Challenge #GC69591

 

 

 

Challenge Summary

 


GE Innovation Challenge: 3D Printing

 

Recent advances in additive manufacturing techniques and the materials used therein have broadened the scope of its potential applications. GE, a world leader in imaging applications, seeks to understand the current limits of state of the art 3D printing through a capabilities and technology challenge. Understanding current capabilities and helping to extend those limits can lead to new manufacturing processes while improving cost and efficiency.


Certain components of medical imaging equipment are challenging to fabricate. They must be made from high density, high atomic number metals, which can be difficult to shape. These parts frequently have complex geometries that must be rendered with very high precision. GE would like to manufacture such components through printing or additive processes.


GE invites participants with the capability to manufacture the prototype shown in the challenge document to respond to this challenge. Numbers under each block represent the desired wall thickness for that block of squares.

 

 

 

ABOUT THE CHALLENGE

 

NineSigma, representing the General Electric Company (GE), seeks to identify entities with high end 3D printing or additive manufacturing capabilities for creation of complex parts with high precision. Such parts may eventually be used in medical imaging equipment or other products. 


REWARD

 

Participants in this competition vie for up to three US$50,000 cash prizes and may have the opportunity to collaborate with GE to produce customized parts that could be used in medical imaging equipment or other products.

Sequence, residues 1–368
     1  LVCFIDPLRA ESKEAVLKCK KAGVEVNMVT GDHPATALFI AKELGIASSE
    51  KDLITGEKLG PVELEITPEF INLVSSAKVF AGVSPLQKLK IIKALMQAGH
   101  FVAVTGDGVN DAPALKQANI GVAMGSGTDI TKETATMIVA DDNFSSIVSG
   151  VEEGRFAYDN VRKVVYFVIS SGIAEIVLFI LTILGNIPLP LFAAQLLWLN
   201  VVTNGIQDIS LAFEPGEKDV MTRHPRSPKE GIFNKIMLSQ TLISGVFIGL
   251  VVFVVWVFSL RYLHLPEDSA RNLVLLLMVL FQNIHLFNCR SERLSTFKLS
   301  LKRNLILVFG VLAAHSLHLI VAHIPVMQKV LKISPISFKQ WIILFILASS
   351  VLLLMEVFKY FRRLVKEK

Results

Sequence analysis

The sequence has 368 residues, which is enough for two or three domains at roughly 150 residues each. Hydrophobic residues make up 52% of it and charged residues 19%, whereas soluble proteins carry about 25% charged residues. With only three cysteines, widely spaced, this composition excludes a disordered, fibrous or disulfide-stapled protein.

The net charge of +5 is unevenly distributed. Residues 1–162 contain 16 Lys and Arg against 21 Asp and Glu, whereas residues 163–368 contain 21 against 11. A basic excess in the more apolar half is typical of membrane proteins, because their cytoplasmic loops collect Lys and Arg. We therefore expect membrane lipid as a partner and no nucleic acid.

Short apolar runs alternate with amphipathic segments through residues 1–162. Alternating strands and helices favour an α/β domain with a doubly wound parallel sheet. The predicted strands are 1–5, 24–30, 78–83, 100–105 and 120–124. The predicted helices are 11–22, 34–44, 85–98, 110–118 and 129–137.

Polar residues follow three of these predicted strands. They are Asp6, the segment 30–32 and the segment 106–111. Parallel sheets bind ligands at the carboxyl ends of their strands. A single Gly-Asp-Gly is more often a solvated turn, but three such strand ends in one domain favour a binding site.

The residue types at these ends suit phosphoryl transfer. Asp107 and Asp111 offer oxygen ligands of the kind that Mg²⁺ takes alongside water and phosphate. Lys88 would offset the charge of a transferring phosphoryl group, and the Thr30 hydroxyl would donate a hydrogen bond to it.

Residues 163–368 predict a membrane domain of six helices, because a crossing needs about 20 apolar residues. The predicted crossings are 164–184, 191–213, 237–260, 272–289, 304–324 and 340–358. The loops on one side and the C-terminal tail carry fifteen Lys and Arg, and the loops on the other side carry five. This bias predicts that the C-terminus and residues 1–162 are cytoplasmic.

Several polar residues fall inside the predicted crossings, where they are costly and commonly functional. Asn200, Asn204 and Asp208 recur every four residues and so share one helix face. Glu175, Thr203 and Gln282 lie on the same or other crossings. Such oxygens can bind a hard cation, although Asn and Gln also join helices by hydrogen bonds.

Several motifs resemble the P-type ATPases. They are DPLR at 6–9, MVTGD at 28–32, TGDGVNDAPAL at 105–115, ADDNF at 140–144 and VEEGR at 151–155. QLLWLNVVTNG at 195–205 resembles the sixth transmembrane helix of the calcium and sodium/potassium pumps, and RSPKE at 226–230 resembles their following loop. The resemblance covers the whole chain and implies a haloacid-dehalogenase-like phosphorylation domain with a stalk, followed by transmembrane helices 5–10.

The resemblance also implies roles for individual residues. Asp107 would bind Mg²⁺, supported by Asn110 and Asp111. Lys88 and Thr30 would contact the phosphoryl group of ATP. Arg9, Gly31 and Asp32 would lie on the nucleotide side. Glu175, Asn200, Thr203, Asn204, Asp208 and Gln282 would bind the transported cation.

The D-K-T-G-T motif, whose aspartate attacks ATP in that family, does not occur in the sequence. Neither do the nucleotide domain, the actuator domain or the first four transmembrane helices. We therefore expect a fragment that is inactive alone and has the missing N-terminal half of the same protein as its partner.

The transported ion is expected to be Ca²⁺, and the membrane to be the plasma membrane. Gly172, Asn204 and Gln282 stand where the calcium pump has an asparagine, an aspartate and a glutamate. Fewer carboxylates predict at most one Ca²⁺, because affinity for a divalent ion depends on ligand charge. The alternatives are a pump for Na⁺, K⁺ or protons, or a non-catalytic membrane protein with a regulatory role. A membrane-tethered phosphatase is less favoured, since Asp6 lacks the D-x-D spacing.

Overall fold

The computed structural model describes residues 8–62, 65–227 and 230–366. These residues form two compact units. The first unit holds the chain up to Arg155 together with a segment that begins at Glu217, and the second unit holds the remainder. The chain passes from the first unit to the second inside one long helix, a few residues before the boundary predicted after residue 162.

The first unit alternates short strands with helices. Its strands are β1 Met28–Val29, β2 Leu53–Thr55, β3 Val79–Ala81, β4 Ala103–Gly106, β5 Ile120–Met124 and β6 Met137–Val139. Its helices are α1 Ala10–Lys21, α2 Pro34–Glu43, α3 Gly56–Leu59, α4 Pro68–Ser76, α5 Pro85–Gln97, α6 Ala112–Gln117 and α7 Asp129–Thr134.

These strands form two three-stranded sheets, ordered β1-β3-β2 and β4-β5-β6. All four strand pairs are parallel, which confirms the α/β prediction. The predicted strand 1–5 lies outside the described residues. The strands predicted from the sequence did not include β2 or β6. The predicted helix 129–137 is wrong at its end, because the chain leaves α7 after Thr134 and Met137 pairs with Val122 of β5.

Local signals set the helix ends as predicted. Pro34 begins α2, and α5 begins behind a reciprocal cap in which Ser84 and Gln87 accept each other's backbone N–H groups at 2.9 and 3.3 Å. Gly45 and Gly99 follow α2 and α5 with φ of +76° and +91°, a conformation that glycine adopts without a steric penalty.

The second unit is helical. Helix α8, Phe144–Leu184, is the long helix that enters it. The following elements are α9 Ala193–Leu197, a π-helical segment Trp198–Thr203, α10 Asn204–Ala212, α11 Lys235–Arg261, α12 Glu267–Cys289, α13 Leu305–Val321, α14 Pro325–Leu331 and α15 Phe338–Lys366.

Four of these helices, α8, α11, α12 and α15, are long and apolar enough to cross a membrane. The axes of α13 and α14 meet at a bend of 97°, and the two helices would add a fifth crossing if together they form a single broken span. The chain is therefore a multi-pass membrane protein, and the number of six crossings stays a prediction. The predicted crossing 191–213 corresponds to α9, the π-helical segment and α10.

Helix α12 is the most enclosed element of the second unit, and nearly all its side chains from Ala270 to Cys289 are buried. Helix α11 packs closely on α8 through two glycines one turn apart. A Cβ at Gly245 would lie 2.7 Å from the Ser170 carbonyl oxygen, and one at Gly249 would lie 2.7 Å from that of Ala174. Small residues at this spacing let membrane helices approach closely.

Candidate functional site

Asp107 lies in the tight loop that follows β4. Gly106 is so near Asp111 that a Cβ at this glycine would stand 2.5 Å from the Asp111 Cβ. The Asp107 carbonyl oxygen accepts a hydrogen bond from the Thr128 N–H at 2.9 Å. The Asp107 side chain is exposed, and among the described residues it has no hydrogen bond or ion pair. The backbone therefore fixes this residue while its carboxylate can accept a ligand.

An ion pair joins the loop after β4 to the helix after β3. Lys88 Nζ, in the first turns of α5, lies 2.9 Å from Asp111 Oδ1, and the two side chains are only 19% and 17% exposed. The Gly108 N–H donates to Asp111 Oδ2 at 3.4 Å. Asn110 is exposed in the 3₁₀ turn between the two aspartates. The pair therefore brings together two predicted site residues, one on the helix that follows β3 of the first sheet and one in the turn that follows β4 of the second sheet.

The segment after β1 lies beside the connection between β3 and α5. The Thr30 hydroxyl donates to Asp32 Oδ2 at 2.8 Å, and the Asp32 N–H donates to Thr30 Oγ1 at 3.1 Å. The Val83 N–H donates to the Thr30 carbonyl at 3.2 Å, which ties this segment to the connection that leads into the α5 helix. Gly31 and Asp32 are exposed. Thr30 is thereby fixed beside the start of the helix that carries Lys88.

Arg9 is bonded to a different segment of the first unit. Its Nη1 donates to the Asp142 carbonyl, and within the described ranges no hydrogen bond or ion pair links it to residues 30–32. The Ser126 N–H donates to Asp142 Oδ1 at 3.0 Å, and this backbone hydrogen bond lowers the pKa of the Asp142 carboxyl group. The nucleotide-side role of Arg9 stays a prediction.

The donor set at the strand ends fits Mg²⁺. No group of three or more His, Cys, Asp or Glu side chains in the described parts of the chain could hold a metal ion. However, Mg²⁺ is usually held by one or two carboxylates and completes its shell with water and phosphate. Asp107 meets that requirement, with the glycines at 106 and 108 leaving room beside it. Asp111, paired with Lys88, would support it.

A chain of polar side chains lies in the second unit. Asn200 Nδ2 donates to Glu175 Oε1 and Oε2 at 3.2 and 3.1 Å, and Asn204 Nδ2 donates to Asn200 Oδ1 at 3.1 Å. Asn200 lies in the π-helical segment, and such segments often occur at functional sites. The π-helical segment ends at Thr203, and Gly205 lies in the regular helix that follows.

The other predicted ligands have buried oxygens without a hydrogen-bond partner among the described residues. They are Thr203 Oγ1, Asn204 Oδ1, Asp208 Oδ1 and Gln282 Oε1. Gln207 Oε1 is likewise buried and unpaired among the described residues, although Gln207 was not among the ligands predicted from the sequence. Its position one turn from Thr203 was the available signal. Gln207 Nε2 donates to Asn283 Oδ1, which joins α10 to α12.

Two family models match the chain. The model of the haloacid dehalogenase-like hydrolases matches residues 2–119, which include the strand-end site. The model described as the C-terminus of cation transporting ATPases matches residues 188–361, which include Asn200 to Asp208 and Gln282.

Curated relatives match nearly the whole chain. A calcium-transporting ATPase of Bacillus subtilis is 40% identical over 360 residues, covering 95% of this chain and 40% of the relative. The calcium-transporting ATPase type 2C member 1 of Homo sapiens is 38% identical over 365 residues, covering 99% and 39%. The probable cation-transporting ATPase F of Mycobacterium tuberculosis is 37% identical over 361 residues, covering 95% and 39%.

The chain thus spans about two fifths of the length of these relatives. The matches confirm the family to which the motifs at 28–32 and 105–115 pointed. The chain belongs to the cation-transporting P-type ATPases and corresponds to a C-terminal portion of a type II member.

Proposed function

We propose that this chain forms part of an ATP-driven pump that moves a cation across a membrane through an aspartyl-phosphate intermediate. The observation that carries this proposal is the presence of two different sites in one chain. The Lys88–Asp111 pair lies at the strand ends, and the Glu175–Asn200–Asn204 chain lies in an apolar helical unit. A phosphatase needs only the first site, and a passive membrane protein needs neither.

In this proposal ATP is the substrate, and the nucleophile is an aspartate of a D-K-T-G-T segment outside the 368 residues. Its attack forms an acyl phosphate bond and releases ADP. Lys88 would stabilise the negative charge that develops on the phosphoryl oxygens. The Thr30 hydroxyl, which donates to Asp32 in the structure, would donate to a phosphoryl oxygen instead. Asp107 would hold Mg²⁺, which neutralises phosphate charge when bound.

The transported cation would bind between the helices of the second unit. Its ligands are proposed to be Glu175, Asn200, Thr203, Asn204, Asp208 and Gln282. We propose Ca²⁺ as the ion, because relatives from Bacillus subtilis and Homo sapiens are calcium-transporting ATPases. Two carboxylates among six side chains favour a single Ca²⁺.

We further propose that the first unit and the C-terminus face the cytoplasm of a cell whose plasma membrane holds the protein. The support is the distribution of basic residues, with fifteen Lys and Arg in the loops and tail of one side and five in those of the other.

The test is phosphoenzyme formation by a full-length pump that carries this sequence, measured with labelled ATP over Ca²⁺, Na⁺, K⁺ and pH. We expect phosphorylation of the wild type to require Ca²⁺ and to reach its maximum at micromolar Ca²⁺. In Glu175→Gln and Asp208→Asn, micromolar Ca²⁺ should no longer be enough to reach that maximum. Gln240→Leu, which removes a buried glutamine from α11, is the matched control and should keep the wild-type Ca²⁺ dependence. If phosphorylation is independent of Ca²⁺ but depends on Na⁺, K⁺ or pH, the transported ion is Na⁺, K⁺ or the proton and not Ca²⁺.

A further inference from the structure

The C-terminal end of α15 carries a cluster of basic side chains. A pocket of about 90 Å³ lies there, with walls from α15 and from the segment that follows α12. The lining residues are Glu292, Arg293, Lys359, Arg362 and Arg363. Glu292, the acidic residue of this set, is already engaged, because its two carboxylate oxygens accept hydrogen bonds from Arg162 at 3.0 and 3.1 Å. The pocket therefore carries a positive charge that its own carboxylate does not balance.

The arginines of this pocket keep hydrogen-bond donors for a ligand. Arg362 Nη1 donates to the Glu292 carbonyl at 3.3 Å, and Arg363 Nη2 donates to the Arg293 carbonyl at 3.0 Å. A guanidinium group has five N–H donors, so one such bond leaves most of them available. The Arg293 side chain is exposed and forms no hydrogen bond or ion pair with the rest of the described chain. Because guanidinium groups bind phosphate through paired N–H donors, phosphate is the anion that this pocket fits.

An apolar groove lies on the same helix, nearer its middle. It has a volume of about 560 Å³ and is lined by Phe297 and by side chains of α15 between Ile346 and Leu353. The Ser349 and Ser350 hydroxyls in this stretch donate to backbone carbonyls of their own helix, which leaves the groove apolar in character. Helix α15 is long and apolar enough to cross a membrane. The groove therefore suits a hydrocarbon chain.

In the first phase, participants complete the proposal template and submit it by July 26, 2013. Up to 10 of the most promising respondents will each receive a US$5000 cash prize and be invited to participate in the second phase.

 

In the second phase, Phase 1 Winners are invited to participate in Phase 2. Those who accept will receive a limited production budget of $5000 and 3 months to fabricate the part. 

 

GE will evaluate all received prototypes for geometric precision, overall mass, overall volume, and other commercial considerations. GE will then select up to three prototypes whose submitters will each receive a $50,000 cash prize. 


TIMELINE 

 

PHASE 1

CAPABILITIES

Deadline Extended to August 9, 2013

Submission June 11-July 31, 2013

Winners Announced Oct. 1, 2013

PHASE 2

PROTYPE

Submission Oct. 1, 2013 - Jan. 15, 2014

Winners Announced March 1, 2014

 

PRIZE

  • Maximum 10 winners
  • Each winner receives: 
    • $5k prize money
    • Invitation to participate in Phase 2
  • Phase 2 participants receive:
    • $5k for Phase 2 production budget
    • CAD with prototype specifications
    • Prototype fabrication materials

PRIZE

  • Each winner receives $50k prize money
  • Maximum 3 winners
  • Prototypes evaluated for geometric precision, and overall mass and volume
  • Winners have the opportunity to collaborate with GE

 

 

 


SUCCESS CRITERIA

 

Successful respondents will be able to create parts that:

  • Are made from high density, high atomic number metals, such as refractory metals and/or their alloys
  • Have wall thicknesses down to 150 microns, with tolerances ±15 microns
  • Precisely position walls 1mm apart, with tolerances ±25 microns
  • Exhibit consistent, parallel walls, with little or no warpage across entire part
  • Have a high density factor – as close as possible to the density of the bulk material
  • Are able to withstand conditions that exert up to 80g’s of acceleration 

BACKGROUND

 

Recent advances in additive manufacturing techniques and the materials used therein have broadened the scope of its potential applications. GE, a world leader in imaging applications, seeks to understand the current limits of state of the art 3D printing through a capabilities and technology challenge. Understanding current capabilities and helping to extend those limits can lead to new manufacturing processes while improving cost and efficiency.

 

Certain components of medical imaging equipment are challenging to fabricate. They must be made from high density, high atomic number metals, which can be difficult to shape. These parts frequently have complex geometries that must be rendered with very high precision. GE would like to manufacture such components through printing or additive processes. 

 


 

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